Meet the woman charged with protecting the city's children

Cynthia Figueroa, former president of Congreso de Latinos Unidos, had worked at the Department of Human Services earlier in her career.

When Cynthia Figueroa was named the commissioner of the Department of Human Services in July, she received more condolences than congratulations.

"It really struck me. Before I had even started, [I got] this defeatist, almost negative, 'oh, look, she's got a smile now but just wait' attitude," Figueroa said in an interview last week, her first on the job. "If people want, or hope, for this department and this position to get it right, we really have to be in this more together."

Figueroa, who flashed a big smile and pumped her fist at her appointment, isn't naïve about the challenges ahead but thinks there is room and need for enthusiasm.

There's plenty of gloom and doom. The agency is operating under a provisional license after the state found it in violation of child welfare laws. A 10-year-old boy recently died under the agency's care, after a slew of failures and missed opportunities. And the system now has more children in foster care than it did four years ago despite a 10-year reform effort producing limited results.

Figueroa, 43, a former deputy commissioner at DHS, spent the last five years as president and CEO of Congreso de Latinos Unidos, a nonprofit that provides social services to the poorest neighborhoods in Philadelphia.

News coverage in May of DHS caseworkers falsifying documents prompted her to seek her new job.

"That was, to me, a little bit of a call to action, to say 'I can stand on the sidelines and complain like folks and disparage this department, or I can decide I want to be part of the solution,' " she said.

Figueroa sought guidance from advisers, including David L. Cohen, senior executive vice president of Comcast, a major supporter of Congreso.

"I said to her, 'This is the toughest job in city government, and it has the potential to eat people alive ... so if you're not up for the challenge of your lifetime, this would be a really bad idea,' " Cohen said. " 'But, speaking as a citizen of Philadelphia, I really hope you will take the job.' "

Figueroa was born in Puerto Rico and moved to Miami at age 5. Her father, American-born but reared in Cuba, and her mother, an immigrant from Honduras, instilled a sense of duty in her from a young age.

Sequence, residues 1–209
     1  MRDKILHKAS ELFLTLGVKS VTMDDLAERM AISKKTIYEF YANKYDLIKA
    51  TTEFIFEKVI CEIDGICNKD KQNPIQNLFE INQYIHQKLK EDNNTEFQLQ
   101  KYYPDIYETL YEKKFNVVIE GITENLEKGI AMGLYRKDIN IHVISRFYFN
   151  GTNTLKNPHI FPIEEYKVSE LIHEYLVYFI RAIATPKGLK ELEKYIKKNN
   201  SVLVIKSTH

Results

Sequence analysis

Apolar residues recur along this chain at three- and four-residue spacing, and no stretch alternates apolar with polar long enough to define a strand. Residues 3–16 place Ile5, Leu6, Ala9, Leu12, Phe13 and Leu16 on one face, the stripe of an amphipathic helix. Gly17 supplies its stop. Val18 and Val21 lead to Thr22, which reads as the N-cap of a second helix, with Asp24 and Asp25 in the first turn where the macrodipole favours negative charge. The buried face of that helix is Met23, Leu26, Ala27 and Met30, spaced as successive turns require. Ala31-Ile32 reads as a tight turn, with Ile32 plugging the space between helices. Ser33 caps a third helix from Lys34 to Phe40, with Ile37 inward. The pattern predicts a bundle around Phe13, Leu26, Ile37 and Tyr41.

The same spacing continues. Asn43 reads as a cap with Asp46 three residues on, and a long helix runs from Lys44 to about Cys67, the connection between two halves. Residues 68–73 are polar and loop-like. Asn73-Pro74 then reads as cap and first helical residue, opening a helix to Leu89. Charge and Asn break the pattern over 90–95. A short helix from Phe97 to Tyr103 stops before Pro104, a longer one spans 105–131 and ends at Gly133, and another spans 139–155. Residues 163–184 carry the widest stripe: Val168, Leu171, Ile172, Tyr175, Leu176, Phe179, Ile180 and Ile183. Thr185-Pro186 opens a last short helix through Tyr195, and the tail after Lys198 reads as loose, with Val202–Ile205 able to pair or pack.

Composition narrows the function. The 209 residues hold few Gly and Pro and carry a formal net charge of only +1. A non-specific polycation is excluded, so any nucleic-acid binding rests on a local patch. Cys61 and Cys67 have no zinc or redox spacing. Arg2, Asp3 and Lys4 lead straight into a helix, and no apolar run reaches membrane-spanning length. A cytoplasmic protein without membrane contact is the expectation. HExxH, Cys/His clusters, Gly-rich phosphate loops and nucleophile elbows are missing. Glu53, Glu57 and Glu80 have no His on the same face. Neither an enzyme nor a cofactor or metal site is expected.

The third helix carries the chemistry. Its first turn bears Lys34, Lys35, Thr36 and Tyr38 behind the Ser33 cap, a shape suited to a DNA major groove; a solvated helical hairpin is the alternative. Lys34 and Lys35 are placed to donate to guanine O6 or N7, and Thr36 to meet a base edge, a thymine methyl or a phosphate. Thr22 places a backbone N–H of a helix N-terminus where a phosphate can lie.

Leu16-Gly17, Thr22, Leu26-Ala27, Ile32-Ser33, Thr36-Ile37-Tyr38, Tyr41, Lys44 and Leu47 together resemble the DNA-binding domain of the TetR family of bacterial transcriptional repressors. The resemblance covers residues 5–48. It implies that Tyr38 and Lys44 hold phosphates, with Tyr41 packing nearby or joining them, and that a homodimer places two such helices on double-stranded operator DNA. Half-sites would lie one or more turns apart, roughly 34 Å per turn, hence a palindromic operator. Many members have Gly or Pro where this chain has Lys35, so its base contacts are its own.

Figueroa's father was a Peace Corps volunteer turned Catholic school teacher. She learned English at the same time as her mother, who worked as a clerk in a hardware store. The family didn't have a lot but made ends meet.

"My parents were both products of significant poverty, and even given that, they gave us the most amazing loving home but also this significant sense of responsibility," Figueroa said.

Figueroa's first job out of college was with the Jesuit Volunteer Corps in Detroit, living below the poverty line and working at a domestic violence shelter.

The job challenged the 22-year-old from the start. A woman at the shelter had fled her abusive husband, but had a son still living with the father in her home. Figueroa suspected the boy was also being abused and wanted to report the situation to the authorities.

Her supervisor told her not to, because it could compromise the mother's trust and her parental rights. Figueroa reported it anyway, and the child was removed from the home -- but Figueroa was shunned from returning to work.

"It was the right call in that situation," she said. "I will stand for what's right. No matter the cost it has in that moment."

Figueroa will be the department's fourth commissioner in less than five years. As DHS has decentralized and privatized some of its operations, tension has emerged between city employees and the private contractors.

This summer, District Council 47 AFSCME, the union representing DHS workers, called on the state to dismantle the reform model involving 10 "community umbrella organizations," or CUAs, that provide ground-level work to families.

Meanwhile, the state has directed DHS to cut its city workforce in order to divert resources to better support the CUAs.

"Obviously the threat of one person's employment over another is a difficult thing to manage," Figueroa said. "My goal is to try to bring folks together where we can."

Figueroa said she has no plans to lay off DHS workers but will continue to decrease staff via attrition.

She wants to hold CUAs more accountable by tracking their handling of cases through performance reviews that could be published online. The department would then use those ongoing reviews to determine whether contracts get renewed.

At Congreso, Figueroa won awards for analyzing the organization's performance and using the data to guide changes.

Figueroa lives in Mount Airy with her husband, Robert Clark, and their 10-year-old daughter and 5-year-old son.

Clark, 42, a marketing manager at CertainTeed in Malvern, describes his wife as a great mother, a lover of exercise and running, a skilled cook (particularly of Latin food), and "a wonderful partner of 18 years."

"There's nothing she can't tackle," Clark said. "Nothing she's not up for once she sets her mind on it. She wants to do the right thing and in this case, she'll give everything to this job."

When Figueroa drives around Philadelphia's more impoverished neighborhoods and passes children on front steps or out playing, she says she often wonders, "Are they OK? Are we helping them?"

"As overwhelming as this job is, it's not the 5,900 kids we're taking care of that worry me," she said of children under the agency's care. "It's the kids who might be at risk who we don't even know about. When I took this job, I told myself, I'm not taking this job because I think that means there will never be another child death. I took this job to make us as accountable as possible to the kids we serve."



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